Strang also made portraits, both as prints and as exquisite drawings, touched with colour in the style of Holbein. Among his sitters were his friends Rudyard Kipling, portrayed in the frontispiece to a collection of his short stories, and Thomas Hardy, with whose novels Strang’s work perhaps has an affinity. Hardy began as a painter and the two men may have met in the Art Workers’ Guild, an organisation founded in 1882 to promote cooperation among artists and the wider social purpose of art. The Guild was one of many enterprises inspired by the ideas of William Morris. Coincidentally, both it and Strang himself feature in Anarchy and Beauty: William Morris and his Legacy at the National Portrait Gallery in London. Strang is represented there by a portrait of CR Ashbee, like Strang himself sometime president of the Guild.
This excellent exhibition explores the work of Morris and his circle, but also the enduring impact of his ideas: if Morris is now best remembered for his wallpaper, that is a grave injustice which the exhibition attempts to remedy. At the root of his thinking was the belief, shared with Ruskin, in the inherent creativity and therefore dignity of labour. Art is not a thing apart, but only the highest expression of this ideal. To allow proper human fulfillment, Morris argued, society needed to be reconstructed from the ground up to provide a more creative way of life for all. Such a society that would also by definition be freer and more equal. This led Morris to champion a wide range of causes from historic buildings to the rights of women and of homosexuals. Design inspired by Morris was integral to the campaigning of the Suffragettes, for instance. Indeed one of the most striking pictures in the show is a vividly animated self-portrait by Sylvia Pankhurst, Emmeline Pankhurst’s daughter. Morris’s indefatigable campaigning for his socialist vision also did much to forge the cross-class alliance that made the Labour Party electable and his example was still there too as an inspiration for the Festival of Britain. In 1951, 99 years after the publication of News from Nowhere, Morris’s Utopian novel set far into the future in 1952, the Festival looked forward to the new Socialist Utopia already promised with the birth of the Welfare State. Strang’s left-wing views so passionately expressed in his prints were not out of step with the times. They were close to some of their most original and enduring ideas.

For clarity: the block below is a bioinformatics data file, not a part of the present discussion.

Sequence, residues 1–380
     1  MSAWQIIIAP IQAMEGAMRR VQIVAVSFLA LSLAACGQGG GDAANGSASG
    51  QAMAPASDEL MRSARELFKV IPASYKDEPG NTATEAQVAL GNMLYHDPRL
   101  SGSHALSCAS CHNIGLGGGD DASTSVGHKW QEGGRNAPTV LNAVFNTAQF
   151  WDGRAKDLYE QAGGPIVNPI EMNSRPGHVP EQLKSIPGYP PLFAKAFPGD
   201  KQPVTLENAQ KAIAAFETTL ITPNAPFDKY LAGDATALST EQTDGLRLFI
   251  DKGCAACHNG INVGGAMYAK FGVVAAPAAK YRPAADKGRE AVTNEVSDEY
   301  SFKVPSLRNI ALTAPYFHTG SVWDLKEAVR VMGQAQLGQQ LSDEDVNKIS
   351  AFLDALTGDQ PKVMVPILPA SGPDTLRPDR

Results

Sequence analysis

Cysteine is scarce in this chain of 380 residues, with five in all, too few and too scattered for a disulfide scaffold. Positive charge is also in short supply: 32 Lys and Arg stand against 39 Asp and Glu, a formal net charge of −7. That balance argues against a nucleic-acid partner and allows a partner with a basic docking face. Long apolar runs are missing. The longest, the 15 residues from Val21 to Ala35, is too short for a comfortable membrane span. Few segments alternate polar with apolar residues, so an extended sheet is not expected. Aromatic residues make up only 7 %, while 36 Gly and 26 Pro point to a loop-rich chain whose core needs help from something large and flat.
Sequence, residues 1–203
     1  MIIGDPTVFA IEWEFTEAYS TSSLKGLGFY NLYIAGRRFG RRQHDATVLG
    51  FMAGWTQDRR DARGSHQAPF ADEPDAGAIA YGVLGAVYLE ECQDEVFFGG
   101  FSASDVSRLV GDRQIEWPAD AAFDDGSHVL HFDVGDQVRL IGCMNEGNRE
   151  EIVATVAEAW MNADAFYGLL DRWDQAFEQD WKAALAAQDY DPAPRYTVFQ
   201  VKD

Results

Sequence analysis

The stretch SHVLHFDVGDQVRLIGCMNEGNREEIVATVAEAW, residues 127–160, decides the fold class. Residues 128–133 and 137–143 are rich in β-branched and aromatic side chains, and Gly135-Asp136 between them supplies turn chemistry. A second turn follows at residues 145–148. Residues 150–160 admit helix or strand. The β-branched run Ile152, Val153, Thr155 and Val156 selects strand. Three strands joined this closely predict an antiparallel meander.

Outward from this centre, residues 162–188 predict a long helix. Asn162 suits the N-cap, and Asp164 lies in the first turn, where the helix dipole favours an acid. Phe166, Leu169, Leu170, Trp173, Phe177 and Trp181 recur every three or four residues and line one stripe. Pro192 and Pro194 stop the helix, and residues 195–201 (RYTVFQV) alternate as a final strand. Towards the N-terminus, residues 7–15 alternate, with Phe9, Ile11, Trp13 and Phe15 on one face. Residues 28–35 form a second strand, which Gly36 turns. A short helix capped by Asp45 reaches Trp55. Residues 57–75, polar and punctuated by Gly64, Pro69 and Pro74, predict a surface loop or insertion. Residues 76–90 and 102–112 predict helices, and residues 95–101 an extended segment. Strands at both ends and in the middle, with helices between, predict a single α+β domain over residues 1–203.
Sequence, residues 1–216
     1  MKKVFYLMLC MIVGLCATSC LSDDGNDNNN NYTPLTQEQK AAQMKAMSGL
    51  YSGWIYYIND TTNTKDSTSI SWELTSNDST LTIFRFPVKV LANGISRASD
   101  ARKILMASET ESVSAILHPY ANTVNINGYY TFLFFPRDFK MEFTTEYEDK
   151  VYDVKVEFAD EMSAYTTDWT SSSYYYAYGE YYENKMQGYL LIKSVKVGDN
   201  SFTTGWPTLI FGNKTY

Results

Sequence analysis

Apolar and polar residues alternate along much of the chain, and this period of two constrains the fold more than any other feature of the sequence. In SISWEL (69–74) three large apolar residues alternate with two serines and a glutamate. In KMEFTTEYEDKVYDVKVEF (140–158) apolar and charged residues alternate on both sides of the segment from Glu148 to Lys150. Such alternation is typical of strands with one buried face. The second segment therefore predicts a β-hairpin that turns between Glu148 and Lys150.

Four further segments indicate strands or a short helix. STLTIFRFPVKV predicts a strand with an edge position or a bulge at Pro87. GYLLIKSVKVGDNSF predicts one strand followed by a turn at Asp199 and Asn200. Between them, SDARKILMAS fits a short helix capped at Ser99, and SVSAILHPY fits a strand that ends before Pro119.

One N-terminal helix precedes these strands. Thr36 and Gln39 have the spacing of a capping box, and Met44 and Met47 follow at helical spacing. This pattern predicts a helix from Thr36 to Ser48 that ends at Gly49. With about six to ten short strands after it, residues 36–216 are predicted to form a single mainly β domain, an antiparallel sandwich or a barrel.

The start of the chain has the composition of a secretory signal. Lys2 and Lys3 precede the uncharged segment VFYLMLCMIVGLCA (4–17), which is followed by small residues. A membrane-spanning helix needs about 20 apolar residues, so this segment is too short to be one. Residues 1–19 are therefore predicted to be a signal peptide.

•William Strang until 15 February 2015; William Morris until 11 January 2015